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UNCW hosted its second biennial Global Marine Science Summit in October at the Center for Marine Science. The three-day summit welcomed a global community of experts, and focused on coastal topics such as resiliency, changing conditions and economic development. “The conference provides a forum for academic researchers, industry experts, agency representatives, and policymakers from around the globe to explore innovative solutions to global marine science issues,” said Lynn Leonard, interim director of the Center for Marine Science. “During the conference, they look at strategies for improving the economic climate of coastal regions, and establish new long-lasting and impactful research collaborations and educational partnerships.” Students are also involved, both as presenters and volunteers. Several dozen were in attendance, with 20 authoring or co-authoring research posters that were discussed at the summit. UNCW hosted the inaugural summit in November of 2017. – Christina Schechtman
Nurturing Nature In the words of Henry David Thoreau, “All good things are wild and free.” For nearly 45 years, the Herbert Bluethenthal Memorial Wildflower Preserve has served Seahawks and visitors as not only an area of study and reflection, but as a place to stretch their legs while walking the tree-lined trails. The UNCW Student Government Association’s October day of service, sponsored by the Center for Faculty Leadership, welcomed faculty, staff and students as they spread mulch, picked up stray limbs and debris and secured loose roots within the 10-acre preserve to keep itaccessible and safe. The event continued the cleanup efforts begun by Physical Plant staff and volunteers in the aftermath of Hurricane Florence. – Caroline Cropp ’99, ’06M
Tim Lewis, associate director of Campus Recreation, lends a hand.
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The Lead to Feed
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For the past two years, UNCW’s leadership studies program (LED) and the Office of Student Leadership and Engagement have teamed up to address area food insecurity. Funded through UNCW community engagement grants, LED and OSLE students have collaborated on several projects, including the annual “Yam Jam,” which donates 16,000 pounds of sweet potatoes to local food pantries.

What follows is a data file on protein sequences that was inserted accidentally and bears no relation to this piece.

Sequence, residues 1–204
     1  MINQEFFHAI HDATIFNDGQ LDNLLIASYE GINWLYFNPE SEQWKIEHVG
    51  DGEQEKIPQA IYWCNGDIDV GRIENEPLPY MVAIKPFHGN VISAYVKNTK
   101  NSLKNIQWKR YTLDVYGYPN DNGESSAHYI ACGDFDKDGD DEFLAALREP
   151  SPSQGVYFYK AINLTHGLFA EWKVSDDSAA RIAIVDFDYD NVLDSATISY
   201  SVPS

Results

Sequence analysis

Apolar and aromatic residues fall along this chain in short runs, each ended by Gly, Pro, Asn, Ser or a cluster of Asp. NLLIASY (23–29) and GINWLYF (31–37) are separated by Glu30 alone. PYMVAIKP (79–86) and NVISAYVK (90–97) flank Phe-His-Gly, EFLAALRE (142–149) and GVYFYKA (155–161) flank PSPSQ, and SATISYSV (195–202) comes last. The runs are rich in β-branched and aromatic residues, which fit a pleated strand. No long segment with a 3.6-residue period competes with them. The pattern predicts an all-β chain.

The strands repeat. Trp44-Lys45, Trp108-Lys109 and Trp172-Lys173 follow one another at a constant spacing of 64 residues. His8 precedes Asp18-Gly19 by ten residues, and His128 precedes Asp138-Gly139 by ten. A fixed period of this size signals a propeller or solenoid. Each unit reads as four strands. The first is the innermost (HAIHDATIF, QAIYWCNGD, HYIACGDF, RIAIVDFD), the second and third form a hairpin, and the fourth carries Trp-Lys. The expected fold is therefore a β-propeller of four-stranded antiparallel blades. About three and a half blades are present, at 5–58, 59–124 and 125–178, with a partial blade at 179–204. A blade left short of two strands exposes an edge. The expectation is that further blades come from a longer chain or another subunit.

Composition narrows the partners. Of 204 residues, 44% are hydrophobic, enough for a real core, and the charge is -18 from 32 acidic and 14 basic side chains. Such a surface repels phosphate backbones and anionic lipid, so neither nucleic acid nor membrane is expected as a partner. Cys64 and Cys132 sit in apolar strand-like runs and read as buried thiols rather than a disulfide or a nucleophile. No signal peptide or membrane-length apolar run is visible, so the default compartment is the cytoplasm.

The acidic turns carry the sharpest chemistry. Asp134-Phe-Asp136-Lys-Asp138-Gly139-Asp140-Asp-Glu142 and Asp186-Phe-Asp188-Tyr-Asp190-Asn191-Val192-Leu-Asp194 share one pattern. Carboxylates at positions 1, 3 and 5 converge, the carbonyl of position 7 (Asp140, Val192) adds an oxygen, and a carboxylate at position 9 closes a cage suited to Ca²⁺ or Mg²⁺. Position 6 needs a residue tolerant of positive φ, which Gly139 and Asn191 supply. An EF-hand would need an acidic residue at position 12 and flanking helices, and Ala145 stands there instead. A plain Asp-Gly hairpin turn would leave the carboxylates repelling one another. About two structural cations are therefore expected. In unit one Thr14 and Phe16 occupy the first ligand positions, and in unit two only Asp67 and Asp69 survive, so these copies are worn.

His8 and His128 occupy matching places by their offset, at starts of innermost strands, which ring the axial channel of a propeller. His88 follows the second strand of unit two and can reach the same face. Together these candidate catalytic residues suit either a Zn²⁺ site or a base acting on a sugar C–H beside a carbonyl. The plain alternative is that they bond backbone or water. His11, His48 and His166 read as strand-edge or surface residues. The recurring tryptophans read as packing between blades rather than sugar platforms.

Jaime Russell ’16 Ed.D., who directs OSLE and teaches in the LED program, has planned and managed the event since 2018. Student participation in events such as the “Yam Jam,” food drives and volunteer days at the Food Bank of Central and Eastern North Carolina highlight LED’s multidisciplinary approach to honing students’ leadership potential through various perspectives and contexts.
“Including students in social change is one of the foundational components of the leadership studies minor,” said Amy Garrett Dikkers, associate professor in educational leadership and leadership studies coordinator. “It’s a guiding principle that we look to strengthen through curriculum design.”
LED students and OSLE also reach into the community to work together for the “Hawk’s Harvest,” UNCW’s new campus food pantry. Located in The Newman Center at the nearby UNCW Catholic Campus Ministry, it is open to all students with a valid UNCW ID. – C.C.
Cyber Excellence The UNCW Cyber Defense Club was one of six elite collegiate cyber teams to compete in the first-ever Wicked6 Cyber Games, a unique exhibition and fundraiser held at the Luxor Hotel and Casino in Las Vegas this past August. The student organization, dedicated to cyber security awareness, education and application, has been sharpening their e-chops on the regional and national level for more than a decade and placed as one of three runners-up. Team members included Nouran Alotaibi ’19, Matt Craft ’19, Chris Nichols ’20 and Eric Vandegrift ’20. – C.C.